This activity made me wonder, why the sudden interest in cash discounts? After all, cash discounts have been around for many years. It also made me curious about the interest in cash discount programs compared to convenience fees and surcharges, which have grown in recent years. Upon reflection, I came to realize that, when implemented properly, cash discount programs combine the most attractive elements of cash discounts and surcharges in a single program.

The topic of cash discounts and surcharges can make your head spin, as they are subject to many specific laws and rules. So, what is a cash discount and is it the same thing as a surcharge?

A cash discount is a reduced price paid by customers who use cash or check rather than a credit or debit card. A surcharge is an extra charge that applies to customers who pay with a credit card rather than other forms of payment, including debit cards, cash and check.

The payment networks such as Visa and MasterCard have specific rules for surcharges to comply with a settlement with the U.S. government in 2012. In addition, ten states prohibit surcharging.

Cash discounts are permitted according to U.S. law and Visa and MasterCard rules. One way of implementing a cash discount program is gaining popularity. Businesses post signs indicating that a service fee such as 3% will be added to all posted prices, but the fee will be waived for those who pay with cash or check. In other words, the fee will apply to purchases made via credit card, debit card and prepaid card – anything except cash or check.

The service fee can offset the costs of processing card payments, yielding significant cost savings for merchants. While surcharge programs are limited by rule to credit cards, cash discount programs have the advantage of offsetting the costs of debit card payments as well. Of course, they also motivate more customers to pay with cash and check. I believe this explains the recent interest in cash discount programs.

Is a cash discount program right for your business? That depends on many factors, as discussed in this blog post.

Chris Corey 

Swipe It Inc


Chris Corey

Understanding Cash Discount With Swipe It Pro

Cash discount processing with Swipe It Pro allows merchants to eliminate up to 100% of their processing fees by adding a small service charge to the credit card transaction at the point-of-sale, or fully discounting that service charge if a customer pays by cash. Cash discounting is legal in all 50 states and SIP uses patented cash discount technology to service its merchants.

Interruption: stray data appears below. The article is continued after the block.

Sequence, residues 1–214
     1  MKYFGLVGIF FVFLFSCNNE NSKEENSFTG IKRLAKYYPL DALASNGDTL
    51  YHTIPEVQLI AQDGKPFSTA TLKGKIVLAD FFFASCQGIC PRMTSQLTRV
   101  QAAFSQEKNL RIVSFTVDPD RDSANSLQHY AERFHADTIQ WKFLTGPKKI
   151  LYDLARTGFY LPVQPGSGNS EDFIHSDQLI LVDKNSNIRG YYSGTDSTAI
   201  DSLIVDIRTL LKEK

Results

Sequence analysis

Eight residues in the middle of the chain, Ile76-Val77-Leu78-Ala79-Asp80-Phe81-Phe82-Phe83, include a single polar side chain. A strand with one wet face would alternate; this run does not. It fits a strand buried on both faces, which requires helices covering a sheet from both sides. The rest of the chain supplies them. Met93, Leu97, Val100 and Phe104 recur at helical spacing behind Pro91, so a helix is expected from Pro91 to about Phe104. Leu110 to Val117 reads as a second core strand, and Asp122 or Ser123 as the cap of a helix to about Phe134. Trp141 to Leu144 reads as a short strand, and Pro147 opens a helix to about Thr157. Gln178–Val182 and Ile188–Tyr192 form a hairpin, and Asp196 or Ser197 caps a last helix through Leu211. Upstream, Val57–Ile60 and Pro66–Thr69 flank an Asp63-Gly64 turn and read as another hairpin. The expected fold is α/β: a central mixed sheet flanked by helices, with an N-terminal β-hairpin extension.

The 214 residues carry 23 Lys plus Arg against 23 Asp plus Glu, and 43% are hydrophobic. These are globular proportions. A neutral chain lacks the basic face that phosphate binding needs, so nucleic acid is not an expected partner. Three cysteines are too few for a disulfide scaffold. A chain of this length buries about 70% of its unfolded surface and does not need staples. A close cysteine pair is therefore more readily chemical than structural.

“Though cash discounting has been available for several years now, most merchants have not heard of it until recently. But once they understand the value, like saving hundreds of dollars per month in processing fees, or more, it’s really a no-brainer,” stated Anthony Martin, Swipe It Pro's Chief Financail Officer.

Said Chris Corey Nationa lSales Trainor, “For a sales person, the cash discount conversation breaks down the ‘rate’ barrier. So instead of talking about the few basis points they may be able to save a merchant, a sales rep can just talk about eliminating fees. And the attrition rate for merchants using cash discounting goes down significantly. Think about it: what merchant wants to go back to paying hundreds of dollars per month or more in fees after not paying anything? Not to mention the revenue opportunity for the sales person, typically three times that of a merchant not using the product.” 

Set-up for a merchant is easy Swipe It Pro provides all the needed signage for a merchant to be compliant and transparent, from point-of-entry to point-of-sale. Thousands of merchants around the country are offering a cash discount and reaping the financial benefits. But should a merchant decide the product isn’t for them,  Swipe It Pro will, without penalty, put them back on a traditional, fee based model. For more information, please call Chris Corey at 810-308-0872, thecashdiscount@gmail.com or visit Joinpaylo.com/swipeit

Chris Corey

Analysts Blame Gold’s Fall On Bitcoin’s Rise

Analysts Blame Gold’s Fall On Bitcoin’s Rise

Get Mining Bitcoin Learn How Here

As bitcoin’s price has surged, gold has suffered. Some market analysts see a correlation. Gold and bitcoin have both been viewed as safe havens for capital during periods of uncertainty for asset values. 

GDX price for the last three months. Source: Ycharts.com

As bitcoin’s price has soared, some analysts think investors are favoring bitcoin as an investment, causing gold to lose value.

Gold Hits Low Point

GDX, an exchange-traded fund for gold miners, has lost 15% of its value since September while gold prices have fallen to its July low point.

Larry McDonald, who oversees U.S. macro strategy at ACG Analytics, said gold’s declines have been accompanied by lower bond yields, a situation the strategist calls unusual.

McDonald told CNBC that every time rates have declined in the last two years, gold has increased. There has been an 82% correlation between bonds and gold prices, he said, but this past week, that correlation dissolved. He pointed to bitcoin as the cause for this.

The growth of bitcoin and cryptocurrencies could bring an even greater downside for gold, McDonald said.

Also read: 51% of respondents choose bitcoin over gold and fiat; Ron Paul survey

Bitcoin Eats Into Gold

Cryptocurrencies currently have a market capitalization equal to 23% of liquid tradeable gold, McDonald said. That figure has increased 2% or 3% over a year ago, so cryptocurrencies are definitely eating into the gold.

While gold has declined more than 2% in the last month, bitcoin has more than doubled its value.

Sunday’s launch of the CBOE bitcoin futures took bitcoin to close to $16,800 by Monday morning. Gold, meanwhile, has remained near its July lows.

Phillip Streible, a senior market strategist at RJO Futures, said bitcoin futures contracts will hold a key indicator for gold’s future. If bitcoin futures collapse, gold will gain, he said on CNBC’s “Power Lunch.” Gold will regain its attraction as a safe haven store of value.